It was PBS’ turn at the mic at the annual TCA Press tour on Thursday, which focused mainly on the second edition of their miniseries Pioneers of Television, whose panel of classic TV stars featured two Chicago natives: Robert Conrad (Wild, Wild West, Black Sheep Squadron) Nichelle Nichols (Star Trek), who hails from southwest suburban Robbins.
The panel also featured Mike Conners (Mannix), Martin Landau (Mission: Impossible), and Linda Evans (The Big Valley, Dyansty).
The second edition of Pioneers of Television is due in the first quarter of 2011.
The first edition of Pioneers of Television generally received poor reviews when the four-part mini-series debuted in January 2008. Each episode focused on one genre of television: sitcoms, game shows, variety, and late-night television.
The sequel plans to devote an episode each to science fiction; westerns; crime dramas; and local children’s television (and if they were smart, they would include plenty of Chicago material – it wouldn’t be the Pioneers of Television without Bozo, Bill Jackson’s Gigglesnort Hotel. and Garfield Goose.)
But the most interesting part of the panel came when Nichelle Nichols told the story of when she nearly left Star Trek and was persuaded to stay by her “number one fan” (the quote is directly from Marc Berman’s Programming Insider newsletter:)
“It was rather interesting to me to be cast in Star Trek because I came up in musical theater, and somehow I was really on my way to break through and do all of the things that I really wanted to do on Broadway. And I took Star Trek because I thought it would be a nice adjunct to my resume, and I’d get to Broadway quicker and as a star. And I kind of got stuck there.
As a matter of fact, I even tried to leave after the first year, the first season, because I thought, “Oh, this is going nowhere for me.” And I told Gene Roddenberry I was going to leave the show on a Friday evening. And Saturday, that next day, he said, “Please don’t leave. Don’t you see what I’m trying to do here?” And that next evening, as fate would have it, I was being one of the guest celebrities at an NAACP fund raiser. And one of the fund raisers came up to the dais and said, “Ms. Nichols, there’s a fan. There’s a person here who says he’s a big, big fan of yours. He’s your biggest fan.” And I thought it was a Trekkie, and so I said, “Sure.” And I stood up, and I looked across the room, and there was Dr. Martin Luther King walking towards me with this big grin on his face. And he reached out to me and said, “Yes, Ms. Nichols, I am your greatest fan.” And he said that — that “Star Trek” was the only show that he and his wife, Coretta, would allow their three little children to stay up and watch, because while they were marching, every night you could see people who looked like me being hosed down with a fire hose and dogs jumping on them because they wanted to eat in a restaurant. And I think it was just an encounter that started out. But the marches began and here I was playing an astronaut in the 23rd century.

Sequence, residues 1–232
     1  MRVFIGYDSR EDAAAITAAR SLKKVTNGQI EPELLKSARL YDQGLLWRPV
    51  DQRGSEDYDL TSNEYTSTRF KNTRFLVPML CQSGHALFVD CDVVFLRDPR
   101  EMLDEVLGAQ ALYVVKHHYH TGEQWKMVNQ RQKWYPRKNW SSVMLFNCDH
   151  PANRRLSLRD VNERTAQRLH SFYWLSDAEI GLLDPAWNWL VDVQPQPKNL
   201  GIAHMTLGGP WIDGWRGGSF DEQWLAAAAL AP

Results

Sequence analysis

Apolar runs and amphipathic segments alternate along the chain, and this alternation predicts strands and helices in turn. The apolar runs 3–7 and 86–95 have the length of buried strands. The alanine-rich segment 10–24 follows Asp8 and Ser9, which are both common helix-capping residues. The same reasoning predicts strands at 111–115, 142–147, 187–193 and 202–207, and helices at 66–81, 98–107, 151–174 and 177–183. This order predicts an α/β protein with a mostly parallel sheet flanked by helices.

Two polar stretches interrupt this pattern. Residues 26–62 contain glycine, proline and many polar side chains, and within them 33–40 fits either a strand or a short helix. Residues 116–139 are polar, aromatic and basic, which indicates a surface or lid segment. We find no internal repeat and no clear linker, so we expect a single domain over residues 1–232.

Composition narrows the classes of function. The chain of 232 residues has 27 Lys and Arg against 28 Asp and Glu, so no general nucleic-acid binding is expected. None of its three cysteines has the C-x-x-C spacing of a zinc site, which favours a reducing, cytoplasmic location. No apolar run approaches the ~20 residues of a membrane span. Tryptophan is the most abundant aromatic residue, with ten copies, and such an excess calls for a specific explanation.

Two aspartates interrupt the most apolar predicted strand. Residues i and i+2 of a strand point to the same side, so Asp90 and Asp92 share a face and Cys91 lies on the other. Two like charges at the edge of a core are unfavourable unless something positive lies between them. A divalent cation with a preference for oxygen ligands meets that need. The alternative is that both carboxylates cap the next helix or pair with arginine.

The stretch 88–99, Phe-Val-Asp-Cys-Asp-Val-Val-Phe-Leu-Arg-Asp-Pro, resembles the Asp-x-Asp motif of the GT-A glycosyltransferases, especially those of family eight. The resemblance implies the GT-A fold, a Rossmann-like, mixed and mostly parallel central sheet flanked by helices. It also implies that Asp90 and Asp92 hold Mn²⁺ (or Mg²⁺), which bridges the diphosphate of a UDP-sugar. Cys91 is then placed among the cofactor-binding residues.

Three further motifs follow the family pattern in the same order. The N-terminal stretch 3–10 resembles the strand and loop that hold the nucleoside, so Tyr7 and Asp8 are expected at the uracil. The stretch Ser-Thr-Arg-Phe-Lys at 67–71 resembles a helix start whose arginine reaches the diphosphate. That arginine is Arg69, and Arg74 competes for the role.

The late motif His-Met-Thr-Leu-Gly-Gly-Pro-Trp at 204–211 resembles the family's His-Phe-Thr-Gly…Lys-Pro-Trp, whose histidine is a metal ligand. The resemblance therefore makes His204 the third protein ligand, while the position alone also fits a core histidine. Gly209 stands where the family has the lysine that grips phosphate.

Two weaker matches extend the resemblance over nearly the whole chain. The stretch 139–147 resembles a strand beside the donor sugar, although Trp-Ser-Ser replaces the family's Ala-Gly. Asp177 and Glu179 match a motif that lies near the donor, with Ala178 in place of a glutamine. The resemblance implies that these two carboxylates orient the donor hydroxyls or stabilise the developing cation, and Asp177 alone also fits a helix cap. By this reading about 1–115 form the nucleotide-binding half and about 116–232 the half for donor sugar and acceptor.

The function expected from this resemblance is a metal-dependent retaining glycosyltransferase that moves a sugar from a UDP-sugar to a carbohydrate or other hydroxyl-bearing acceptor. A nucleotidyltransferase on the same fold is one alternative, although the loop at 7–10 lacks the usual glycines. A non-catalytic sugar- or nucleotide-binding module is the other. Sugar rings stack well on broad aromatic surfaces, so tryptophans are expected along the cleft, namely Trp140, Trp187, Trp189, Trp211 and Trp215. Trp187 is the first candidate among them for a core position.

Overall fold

So I went back and told Gene Roddenberry on Monday, because he’d asked me to think about it over the weekend, and if I still wanted to leave he — I would have his blessings. And I went back, and I told him about Dr. Martin Luther King. And Gene Roddenberry was a 6-foot-3 guy with muscles. He was a big hack-nosed guy. And he sat there with tears in his eyes. He said, “Thank God that someone knows what I’m trying to do. Thank God for Dr. Martin Luther King.” And I told him if he still wanted me, I would stay. I’ve never looked back. I’m glad I did.”
That was some number one fan. Amazing.
Next up: Cable, including HBO, FX, and BBC America